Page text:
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Second Chinese domination of Vietnam

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Period  43 AD – 544 AD
Second Chinese domination of Vietnam

The second Chinese domination marks a period when Vietnam fell into Chinese control for a second time, between the end of the Trưng Sisters and the start of the Anterior Lý Dynasty.

Contents

Fluctuations through seven dynasties

The Trung sisters' independence rule was one of the few relatively brief interruptions during the Chinese domination of Vietnam which continued from 111 BC to 939.

After the defeat of the Trung sisters, the Eastern Han dynasty strengthened its control over the region in 43 and renamed it Giao Chỉ (or Jiaozhi). As the Han dynasty weakened, the prefect of Giao Chỉ, Shi Xie, ruled Vietnam as an autonomous warlord and was posthumously deified by later Vietnamese Emperors.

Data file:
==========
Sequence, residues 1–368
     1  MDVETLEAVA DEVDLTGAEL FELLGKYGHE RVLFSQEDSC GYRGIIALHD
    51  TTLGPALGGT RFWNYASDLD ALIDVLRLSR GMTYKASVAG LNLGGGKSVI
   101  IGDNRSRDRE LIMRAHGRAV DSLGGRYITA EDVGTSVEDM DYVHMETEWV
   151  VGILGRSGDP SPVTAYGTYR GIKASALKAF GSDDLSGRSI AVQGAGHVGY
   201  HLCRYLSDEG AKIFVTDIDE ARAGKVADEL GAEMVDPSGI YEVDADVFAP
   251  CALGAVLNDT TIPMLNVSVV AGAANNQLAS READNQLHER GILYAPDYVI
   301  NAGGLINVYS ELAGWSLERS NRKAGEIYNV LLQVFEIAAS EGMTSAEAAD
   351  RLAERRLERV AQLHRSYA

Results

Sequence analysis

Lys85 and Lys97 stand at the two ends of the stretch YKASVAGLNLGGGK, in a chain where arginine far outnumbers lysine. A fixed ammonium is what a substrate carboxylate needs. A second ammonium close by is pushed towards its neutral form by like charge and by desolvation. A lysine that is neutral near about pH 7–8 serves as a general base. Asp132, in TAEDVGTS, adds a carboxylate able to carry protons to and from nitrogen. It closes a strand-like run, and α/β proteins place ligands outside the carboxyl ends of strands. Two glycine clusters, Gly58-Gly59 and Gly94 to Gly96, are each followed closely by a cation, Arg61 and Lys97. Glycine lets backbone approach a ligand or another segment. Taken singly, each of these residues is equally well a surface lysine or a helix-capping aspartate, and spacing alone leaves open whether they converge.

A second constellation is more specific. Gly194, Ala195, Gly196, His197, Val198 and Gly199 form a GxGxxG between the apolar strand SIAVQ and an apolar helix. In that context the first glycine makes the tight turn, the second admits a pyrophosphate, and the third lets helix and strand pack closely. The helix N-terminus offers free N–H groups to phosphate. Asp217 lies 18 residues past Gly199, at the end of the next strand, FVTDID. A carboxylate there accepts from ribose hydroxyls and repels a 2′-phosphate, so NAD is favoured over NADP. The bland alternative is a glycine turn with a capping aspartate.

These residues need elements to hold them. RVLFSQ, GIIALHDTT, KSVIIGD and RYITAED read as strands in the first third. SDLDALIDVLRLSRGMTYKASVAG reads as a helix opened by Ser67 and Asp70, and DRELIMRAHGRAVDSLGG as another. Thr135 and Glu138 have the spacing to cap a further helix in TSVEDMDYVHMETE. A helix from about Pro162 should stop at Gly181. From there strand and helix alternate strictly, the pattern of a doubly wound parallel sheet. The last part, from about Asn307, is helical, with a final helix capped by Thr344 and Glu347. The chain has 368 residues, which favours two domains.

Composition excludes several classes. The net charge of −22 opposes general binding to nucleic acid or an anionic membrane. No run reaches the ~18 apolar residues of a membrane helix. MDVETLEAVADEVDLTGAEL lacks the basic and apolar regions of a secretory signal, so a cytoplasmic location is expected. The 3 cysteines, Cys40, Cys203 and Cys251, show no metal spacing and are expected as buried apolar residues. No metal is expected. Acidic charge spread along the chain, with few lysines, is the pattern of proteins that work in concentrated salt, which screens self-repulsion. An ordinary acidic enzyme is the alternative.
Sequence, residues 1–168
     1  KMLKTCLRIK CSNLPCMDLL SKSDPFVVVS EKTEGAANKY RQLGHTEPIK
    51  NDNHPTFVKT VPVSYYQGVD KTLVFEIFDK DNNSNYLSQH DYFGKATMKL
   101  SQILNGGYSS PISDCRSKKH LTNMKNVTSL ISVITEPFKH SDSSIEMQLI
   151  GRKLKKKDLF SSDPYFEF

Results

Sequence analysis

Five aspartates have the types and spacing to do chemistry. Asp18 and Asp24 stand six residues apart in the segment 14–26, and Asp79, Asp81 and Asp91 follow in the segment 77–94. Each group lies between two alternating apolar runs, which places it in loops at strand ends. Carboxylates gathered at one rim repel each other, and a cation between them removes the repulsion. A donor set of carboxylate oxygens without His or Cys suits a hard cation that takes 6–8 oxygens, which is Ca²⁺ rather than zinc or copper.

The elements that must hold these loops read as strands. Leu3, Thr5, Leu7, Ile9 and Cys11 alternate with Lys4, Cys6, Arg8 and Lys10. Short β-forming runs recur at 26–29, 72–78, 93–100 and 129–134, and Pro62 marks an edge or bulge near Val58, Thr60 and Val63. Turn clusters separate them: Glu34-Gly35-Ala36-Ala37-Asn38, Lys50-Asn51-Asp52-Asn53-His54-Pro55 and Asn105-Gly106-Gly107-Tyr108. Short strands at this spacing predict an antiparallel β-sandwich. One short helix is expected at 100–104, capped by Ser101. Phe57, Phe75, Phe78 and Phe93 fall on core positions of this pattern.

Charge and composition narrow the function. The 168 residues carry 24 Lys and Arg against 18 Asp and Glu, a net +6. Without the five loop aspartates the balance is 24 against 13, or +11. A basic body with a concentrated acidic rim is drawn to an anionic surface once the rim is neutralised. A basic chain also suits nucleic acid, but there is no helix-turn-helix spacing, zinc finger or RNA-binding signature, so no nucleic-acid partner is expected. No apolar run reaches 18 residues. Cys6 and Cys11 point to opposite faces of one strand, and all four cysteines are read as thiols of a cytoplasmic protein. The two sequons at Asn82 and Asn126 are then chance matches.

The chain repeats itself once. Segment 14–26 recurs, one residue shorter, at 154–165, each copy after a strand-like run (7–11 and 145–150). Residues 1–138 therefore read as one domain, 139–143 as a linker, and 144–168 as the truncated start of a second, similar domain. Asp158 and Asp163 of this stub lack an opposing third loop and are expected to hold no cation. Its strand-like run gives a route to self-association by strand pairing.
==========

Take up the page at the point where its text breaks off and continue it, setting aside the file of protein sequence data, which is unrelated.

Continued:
Even when the Eastern Han dynasty split into the Three Kingdoms in 220, Vietnam remained under the control of the state of Wu. A female rebel named Triệu Thị Trinh briefly pushed the Chinese rulers out in 248, but was soon overthrown. Then Vietnam was under Jin China and the first half of the Southern and Northern Dynasties. The domination ended by 544, when Lý Nam Đế came to power.

Uprisings

Local rebellions were organized by:

  • Chu Đạt 156–160
  • Lương Long 178–181
  • Khu Liên 192, who founded the Champa kingdom.
  • Triệu Chỉ 299–319
  • Lương Thạch 319–323
  • Lý Trường Nhân and Lý Thúc Hiến 468–485
  • References

    Second Chinese domination of Vietnam Wikipedia


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